“Do you know what I think?”
“Why don’t we try that together?”
“Which one is your favorite?”
“What do you think about…?”

Declarative communication includes comments, announcements and predictions whereas imperative communication includes directives (commands), prompts, questions, and requests.
Our typical communication contains only 20% declarative communication
and 80% imperative communication.
Increasing declarative communication is a curative factor skill meant to simply share observations, feelings and emotions whereas imperatives are statements made when a definite response is in mind. It is not a declarative if you already know the answer.
Declarative communication uses language forms that involve relative thinking processes – they imply that between two speakers there can be different views of reality.


CREATIVE THERAPIES© Curative Factor Elaboration and Implementation


GOALS: To develop the capacity to understand the very abstract idea of feelings. To come to understand the sensation is a feeling that can be recognized and tolerated without requiring immediate action.


1. Continue to label his play experience with words as detailed in the curative factor skills

2. During U ‘N’ Me Playtime focus on using Curative Factor Skill #2 – Reflection and Attunement. Introduce feelings into
When his doll grabs your doll – rant and rave saying, “No, no, no, angry, angry, angry.” Alternatively, sob and repeatedly say, “I am sad.”
Tell him when he looks angry.
Use language such as “I’m guessing you are frustrated.”

3. In U ‘N’ Me Playtime and whenever you anticipate potential acting out ask, “How do you feel?”
Multiple choice type answers can help get this process going.

You must be clear and comfortable with anger and sadness so he can be, too.
With your patience and persistence he will come to expect your questions.
Your questioning creates a moment’s pause between him and his bodily sensation. This offers distance to step back from the impulse to hit and translate the impulse into an idea.


CREATIVE THERAPIES© Curative Factor Elaboration and Implementation

GOALS: To respond to nonverbal dialogue – the raising of your voice, making a stern face, wagging your finger in a reprimand. To internalize a sense of limits.

1. Continue to label his play experience with words as detailed in the curative factor skills

2. During the U ‘N’ Me Playtime:
Implement strategies specific to the challenge you are having. Discuss with me in our ‘phone-in’ tonight and I will give you play themes,
recommendations and language.
Give him ample room to feel engaged and secure and to express his feelings through the play. Let him be the boss in the play. Later you will be telling him what to do.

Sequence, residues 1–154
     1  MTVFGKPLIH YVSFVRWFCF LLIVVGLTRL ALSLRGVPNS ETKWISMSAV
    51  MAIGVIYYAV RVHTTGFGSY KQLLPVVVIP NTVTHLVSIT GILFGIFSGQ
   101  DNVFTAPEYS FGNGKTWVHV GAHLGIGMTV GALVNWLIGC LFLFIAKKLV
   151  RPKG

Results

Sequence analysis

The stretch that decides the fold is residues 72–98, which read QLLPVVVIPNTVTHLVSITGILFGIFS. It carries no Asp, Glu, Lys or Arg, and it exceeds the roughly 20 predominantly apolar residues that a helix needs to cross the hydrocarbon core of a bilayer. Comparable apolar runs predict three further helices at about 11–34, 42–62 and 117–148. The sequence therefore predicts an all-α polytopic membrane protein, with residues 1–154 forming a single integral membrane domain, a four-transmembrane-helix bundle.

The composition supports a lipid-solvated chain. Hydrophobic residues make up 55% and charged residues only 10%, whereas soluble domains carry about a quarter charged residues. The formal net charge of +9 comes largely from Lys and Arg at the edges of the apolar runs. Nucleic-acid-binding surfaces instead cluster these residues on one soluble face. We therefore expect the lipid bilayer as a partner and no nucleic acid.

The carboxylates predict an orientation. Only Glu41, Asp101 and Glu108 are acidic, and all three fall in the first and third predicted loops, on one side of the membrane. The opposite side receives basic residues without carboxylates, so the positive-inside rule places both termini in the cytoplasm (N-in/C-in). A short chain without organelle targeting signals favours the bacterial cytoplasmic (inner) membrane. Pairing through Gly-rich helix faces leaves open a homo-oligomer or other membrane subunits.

3. The play will be semi-structured compared to non-directive, as you create scenarios specific to your child’s discipline challenge.
Ask: How does he or the doll feel? Give ample time to express his feelings. This will build his desire to cooperate and decrease his need to express negative feelings when confronting the challenge itself.
Guess: How he will want to behave.
Offer multiple choices of alternatives.
Empathize with how the doll and your child are feeling

4. With challenges involving discipline it is especially important to increase U ‘N’ Me Playtime. Your child is facing more and more limits, which are coupled with angry feelings toward you. When you give him extra time to vent those feelings in play it will minimize the extent to which they spill out into other situations. The extra U ‘N’ Me Playtime will also strengthen the bond of trust between you, which is particularly important now that you are expecting more from him.

Your child will not learn to control his misbehavior until he has internalized a sense of limits, a picture of what is permissible and what is not. To have this picture he must be comfortable in the world of ideas; he must be able to hold and manipulate ideas in his head. When you punish a child you are reacting to his behavior with behavior of your own. In effect, you are encouraging him to remain at the behavioral level. More effective in the long run is to talk with him about his transgressions. By involving him in a discussion you elevate him to the level of ideas; you help him reflect on his behavior. Gradually you move him to the point of being able to discipline himself in his mind. He may still misbehave, but by talking-firmly and supportively-you both build his ability to correct himself and help him graduate to the level of ideas.

Patience, practice, time and support.